Fighting against the face veil is often presented as defending the weak and oppressed women against patriarchy and injustice. Those who support the ban argue that it is simply a symbol of a woman’s oppression by her male family members, who want to isolate her from the mainstream community and limit her freedom to function as a full member of French society. While it is true that there may be cases that involve compulsion, it is not clear how many women wear the face veil for this reason. Many women perhaps choose to wear the veil because of their personal conviction that it is a religious obligation, notwithstanding the mainstream Muslim view to the contrary. Of course, in cases where force has been used we, as a society, should provide assistance to those affected.

Could the furore over the face veil be because it is so confronting? Any outfit may be perceived as ridiculous by others from a different society or cultural or religious group. But just because our sensibilities are affected it does not mean that we should take the step to ban them. On the whole those who wear the face veil are not asking society for special privileges, like working in contexts where this is inappropriate for safety or security reasons. So even if it is confronting, why not argue in favour of these women’s right to freely express themselves through dress, even if we may not like what they wear?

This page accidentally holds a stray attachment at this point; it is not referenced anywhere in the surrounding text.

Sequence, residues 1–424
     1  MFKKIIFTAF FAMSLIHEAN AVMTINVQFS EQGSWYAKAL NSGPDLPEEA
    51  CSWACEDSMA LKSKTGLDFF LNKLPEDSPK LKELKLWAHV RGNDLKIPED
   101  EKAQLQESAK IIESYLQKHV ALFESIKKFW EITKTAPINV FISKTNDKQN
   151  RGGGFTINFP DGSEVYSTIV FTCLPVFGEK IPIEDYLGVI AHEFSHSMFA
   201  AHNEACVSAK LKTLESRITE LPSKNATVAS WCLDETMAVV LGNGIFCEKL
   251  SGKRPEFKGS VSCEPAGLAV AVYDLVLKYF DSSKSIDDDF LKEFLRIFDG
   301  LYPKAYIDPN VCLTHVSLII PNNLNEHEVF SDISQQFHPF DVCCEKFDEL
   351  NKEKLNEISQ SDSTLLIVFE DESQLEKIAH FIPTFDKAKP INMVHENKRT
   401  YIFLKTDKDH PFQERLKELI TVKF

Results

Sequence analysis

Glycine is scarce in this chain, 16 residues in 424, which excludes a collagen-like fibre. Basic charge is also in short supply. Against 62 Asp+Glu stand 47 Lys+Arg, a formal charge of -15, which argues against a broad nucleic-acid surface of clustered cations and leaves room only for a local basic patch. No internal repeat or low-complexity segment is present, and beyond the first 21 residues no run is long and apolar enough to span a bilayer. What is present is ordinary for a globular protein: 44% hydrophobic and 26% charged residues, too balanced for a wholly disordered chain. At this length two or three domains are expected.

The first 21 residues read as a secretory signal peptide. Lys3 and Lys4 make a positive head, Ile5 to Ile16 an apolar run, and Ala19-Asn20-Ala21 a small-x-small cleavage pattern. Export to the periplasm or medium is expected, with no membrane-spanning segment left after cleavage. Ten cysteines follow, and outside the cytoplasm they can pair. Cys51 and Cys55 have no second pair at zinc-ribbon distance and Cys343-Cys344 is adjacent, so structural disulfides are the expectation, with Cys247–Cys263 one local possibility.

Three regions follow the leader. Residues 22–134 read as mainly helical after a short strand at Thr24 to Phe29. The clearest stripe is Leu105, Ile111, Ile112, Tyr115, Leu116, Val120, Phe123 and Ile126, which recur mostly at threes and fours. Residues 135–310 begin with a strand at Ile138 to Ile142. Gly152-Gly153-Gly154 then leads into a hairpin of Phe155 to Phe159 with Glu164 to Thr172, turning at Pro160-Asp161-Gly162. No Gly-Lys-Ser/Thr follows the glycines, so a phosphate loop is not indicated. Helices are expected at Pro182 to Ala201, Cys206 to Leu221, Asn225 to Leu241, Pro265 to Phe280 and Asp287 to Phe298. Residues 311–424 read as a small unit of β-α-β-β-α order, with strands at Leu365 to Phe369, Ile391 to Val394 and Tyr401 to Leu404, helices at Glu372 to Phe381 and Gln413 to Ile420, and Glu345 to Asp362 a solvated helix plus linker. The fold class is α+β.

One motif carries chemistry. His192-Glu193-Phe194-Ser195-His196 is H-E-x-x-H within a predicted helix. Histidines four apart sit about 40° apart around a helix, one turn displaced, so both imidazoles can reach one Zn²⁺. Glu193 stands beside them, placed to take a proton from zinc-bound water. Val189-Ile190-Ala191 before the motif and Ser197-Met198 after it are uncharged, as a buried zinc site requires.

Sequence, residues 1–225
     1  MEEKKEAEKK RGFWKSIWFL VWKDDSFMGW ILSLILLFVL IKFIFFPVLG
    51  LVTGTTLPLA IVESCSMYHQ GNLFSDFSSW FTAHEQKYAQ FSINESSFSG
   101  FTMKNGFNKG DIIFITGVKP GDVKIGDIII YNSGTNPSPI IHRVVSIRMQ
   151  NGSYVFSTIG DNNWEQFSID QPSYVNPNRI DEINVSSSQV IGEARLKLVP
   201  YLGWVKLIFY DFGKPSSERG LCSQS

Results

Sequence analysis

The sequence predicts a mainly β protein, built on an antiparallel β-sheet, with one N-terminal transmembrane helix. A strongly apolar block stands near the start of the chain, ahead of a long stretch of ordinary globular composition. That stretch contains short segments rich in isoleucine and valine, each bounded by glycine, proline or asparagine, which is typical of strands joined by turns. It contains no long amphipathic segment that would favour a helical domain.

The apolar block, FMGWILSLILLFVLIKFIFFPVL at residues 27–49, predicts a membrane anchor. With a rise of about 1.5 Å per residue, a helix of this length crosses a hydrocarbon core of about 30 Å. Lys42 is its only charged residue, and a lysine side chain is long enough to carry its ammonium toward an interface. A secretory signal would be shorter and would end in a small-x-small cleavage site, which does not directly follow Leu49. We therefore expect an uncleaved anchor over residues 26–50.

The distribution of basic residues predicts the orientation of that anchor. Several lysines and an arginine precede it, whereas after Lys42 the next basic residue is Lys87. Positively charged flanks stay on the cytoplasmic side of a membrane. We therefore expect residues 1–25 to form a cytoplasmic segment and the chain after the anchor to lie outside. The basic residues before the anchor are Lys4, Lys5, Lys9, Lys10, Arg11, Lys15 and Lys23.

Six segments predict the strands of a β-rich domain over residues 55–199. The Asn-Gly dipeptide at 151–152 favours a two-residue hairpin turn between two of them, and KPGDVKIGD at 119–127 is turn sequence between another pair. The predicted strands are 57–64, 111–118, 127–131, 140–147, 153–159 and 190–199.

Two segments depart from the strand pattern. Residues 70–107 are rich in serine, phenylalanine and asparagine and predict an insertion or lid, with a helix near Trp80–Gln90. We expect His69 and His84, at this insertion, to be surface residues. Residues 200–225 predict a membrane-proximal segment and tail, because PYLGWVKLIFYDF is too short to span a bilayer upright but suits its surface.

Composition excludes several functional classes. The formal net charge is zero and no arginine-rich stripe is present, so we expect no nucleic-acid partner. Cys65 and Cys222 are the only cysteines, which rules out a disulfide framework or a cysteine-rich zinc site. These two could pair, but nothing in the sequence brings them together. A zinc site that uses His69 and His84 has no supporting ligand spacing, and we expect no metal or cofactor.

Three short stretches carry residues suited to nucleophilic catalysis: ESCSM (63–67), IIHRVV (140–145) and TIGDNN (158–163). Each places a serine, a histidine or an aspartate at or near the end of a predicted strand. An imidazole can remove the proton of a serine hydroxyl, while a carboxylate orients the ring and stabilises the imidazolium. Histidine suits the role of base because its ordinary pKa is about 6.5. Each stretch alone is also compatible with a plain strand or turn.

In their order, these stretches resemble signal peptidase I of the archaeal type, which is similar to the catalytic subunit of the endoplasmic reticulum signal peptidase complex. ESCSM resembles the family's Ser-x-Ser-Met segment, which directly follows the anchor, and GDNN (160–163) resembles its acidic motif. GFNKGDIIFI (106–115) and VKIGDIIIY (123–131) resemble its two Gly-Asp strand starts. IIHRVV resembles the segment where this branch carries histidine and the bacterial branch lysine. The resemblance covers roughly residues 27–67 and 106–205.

Wearing the face veil in public is often considered  as a security issue as well, although it probably has little to do with security. Terrorists who bomb market places or shopping centres do not use the face veil to commit these acts, at least in the West. Usually they try to be as inconspicuous as possible which, in the West, is more likely to involve dressing like the majority. If there are safety and security issues involved in places where by law one is expected to show one’s face such as at airports, I doubt that many women  would have problems with removing their veil for the necessary security procedures. Veiled women from Saudi Arabia and the Gulf region, for example, have been travelling internationally for decades.